British annual inflation edged up to a 12-month high last month, offering modest signs that price growth may be climbing at a time when worries over low inflation still dominate. David Pollard reports.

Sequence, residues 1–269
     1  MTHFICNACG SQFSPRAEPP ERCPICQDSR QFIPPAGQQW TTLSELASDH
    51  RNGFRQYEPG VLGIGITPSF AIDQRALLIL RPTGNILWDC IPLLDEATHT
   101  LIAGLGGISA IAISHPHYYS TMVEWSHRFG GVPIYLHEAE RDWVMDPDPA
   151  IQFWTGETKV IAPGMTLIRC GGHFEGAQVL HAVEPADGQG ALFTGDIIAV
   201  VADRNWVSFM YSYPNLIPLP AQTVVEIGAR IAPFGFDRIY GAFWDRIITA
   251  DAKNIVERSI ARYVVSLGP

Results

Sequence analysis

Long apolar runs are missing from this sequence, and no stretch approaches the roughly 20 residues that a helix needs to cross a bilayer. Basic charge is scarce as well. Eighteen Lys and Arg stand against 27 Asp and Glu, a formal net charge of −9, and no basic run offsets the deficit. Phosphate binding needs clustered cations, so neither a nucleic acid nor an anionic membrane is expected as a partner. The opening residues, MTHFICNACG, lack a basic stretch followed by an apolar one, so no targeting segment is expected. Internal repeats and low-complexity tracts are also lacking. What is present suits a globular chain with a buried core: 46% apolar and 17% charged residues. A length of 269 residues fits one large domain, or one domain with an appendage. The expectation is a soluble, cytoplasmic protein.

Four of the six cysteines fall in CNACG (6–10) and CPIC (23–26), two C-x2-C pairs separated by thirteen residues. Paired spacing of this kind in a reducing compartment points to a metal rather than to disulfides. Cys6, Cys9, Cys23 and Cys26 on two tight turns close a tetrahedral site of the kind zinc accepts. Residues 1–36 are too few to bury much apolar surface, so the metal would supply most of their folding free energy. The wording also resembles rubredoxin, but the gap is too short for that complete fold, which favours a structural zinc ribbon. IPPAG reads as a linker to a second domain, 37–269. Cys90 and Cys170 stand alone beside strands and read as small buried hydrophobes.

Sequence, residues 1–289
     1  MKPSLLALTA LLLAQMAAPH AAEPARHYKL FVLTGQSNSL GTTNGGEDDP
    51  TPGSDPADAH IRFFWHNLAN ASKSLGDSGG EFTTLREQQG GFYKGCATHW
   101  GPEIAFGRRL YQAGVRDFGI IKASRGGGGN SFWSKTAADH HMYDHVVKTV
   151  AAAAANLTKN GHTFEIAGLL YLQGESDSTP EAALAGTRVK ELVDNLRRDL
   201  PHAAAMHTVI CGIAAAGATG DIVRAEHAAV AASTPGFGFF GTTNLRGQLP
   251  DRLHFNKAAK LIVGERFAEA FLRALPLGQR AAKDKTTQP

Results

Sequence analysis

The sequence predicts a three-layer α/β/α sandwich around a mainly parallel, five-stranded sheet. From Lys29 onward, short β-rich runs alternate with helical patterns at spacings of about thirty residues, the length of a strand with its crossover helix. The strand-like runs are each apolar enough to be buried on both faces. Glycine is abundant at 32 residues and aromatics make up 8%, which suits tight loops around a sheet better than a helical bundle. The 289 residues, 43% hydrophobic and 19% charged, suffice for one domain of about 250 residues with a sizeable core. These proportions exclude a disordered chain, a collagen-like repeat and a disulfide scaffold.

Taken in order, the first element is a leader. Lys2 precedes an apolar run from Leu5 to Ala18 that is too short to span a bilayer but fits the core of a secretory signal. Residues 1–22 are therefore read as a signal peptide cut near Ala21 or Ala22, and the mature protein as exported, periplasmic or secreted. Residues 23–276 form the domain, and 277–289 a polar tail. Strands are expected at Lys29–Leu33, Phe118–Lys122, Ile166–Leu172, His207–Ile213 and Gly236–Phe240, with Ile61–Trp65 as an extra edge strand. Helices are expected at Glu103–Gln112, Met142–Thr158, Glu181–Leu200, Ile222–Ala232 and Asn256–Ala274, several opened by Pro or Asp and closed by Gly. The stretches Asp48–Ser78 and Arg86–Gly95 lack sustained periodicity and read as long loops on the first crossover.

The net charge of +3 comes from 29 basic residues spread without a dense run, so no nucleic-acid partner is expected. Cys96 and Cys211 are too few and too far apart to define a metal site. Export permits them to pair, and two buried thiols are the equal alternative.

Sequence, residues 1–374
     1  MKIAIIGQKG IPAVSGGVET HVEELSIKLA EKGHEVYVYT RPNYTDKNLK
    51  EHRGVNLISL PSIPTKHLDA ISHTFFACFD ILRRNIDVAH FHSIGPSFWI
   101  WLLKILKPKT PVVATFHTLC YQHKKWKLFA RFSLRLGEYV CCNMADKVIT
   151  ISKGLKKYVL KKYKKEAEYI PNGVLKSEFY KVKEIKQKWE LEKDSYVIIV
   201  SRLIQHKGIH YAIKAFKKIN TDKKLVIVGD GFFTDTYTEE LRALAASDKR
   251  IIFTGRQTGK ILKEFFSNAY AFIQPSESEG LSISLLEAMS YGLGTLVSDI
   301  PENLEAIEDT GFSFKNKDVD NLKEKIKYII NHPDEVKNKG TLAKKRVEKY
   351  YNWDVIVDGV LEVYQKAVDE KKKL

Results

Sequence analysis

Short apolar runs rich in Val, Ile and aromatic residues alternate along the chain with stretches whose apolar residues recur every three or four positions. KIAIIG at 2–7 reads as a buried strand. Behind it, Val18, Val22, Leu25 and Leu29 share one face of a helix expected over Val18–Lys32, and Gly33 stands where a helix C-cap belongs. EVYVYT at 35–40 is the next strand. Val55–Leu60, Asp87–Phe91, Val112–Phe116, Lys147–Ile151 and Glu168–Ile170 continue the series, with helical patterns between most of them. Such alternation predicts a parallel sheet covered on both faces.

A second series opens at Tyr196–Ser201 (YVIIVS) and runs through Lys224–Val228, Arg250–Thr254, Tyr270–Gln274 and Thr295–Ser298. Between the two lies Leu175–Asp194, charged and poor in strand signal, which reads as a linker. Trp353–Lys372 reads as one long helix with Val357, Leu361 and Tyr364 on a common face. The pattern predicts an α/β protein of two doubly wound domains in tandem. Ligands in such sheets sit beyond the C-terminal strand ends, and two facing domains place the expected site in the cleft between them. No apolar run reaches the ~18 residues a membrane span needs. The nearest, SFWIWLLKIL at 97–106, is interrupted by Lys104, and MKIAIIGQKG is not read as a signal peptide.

Remember this? Christmas 2015 already seems a long way in the past. But for the UK economy - it's still news - post-festive season discounts continuing to sap inflation. January saw a giddy 0.8 per cent drop in consumers prices on the month. Though for the yearly rate, there was a little more sparkle. At 0.3 per cent, it was the highest in a year. But still a long way from where the Bank of England wants it to be. ETX Capital's Head of Trading Joe Rundle. (SOUNDBITE) (English) ETX CAPITAL, HEAD OF TRADING, JOE RUNDLE, SAYING: "A rate rise into the UK economy would be disastrous ... I think possibly we may see a token rate rise towards the end of this year, much like the Fed did at the end of last year, just to get it over and done with, but then I expect rates and hold for some time, probably for most of 2017." Globally, inflation data is one of the week's big themes. China due to report its latest numbers - and the U.S.. Both expected to show some strengthening in price pressures. If they don't, cue more concerns over whether monetary policymakers are doing their job. And more worries for already very anxious global markets. (SOUNDBITE) (English) ETX CAPITAL, HEAD OF TRADING, JOE RUNDLE, SAYING: "The traditional tools of pumping money into the economy haven't seem to work, and now we seem to be entering a cycle of slowdown within the world economy and oil, the oil price fall, is certainly going to add downward pressure on prices, which is probably not what central bankers want." That's where consumer prices are concerned. A look at producer prices even more worrying. With China's showing nearly four years of drops and commodities squeezing them elsewhere, they're no laughing matter either, for central bankers.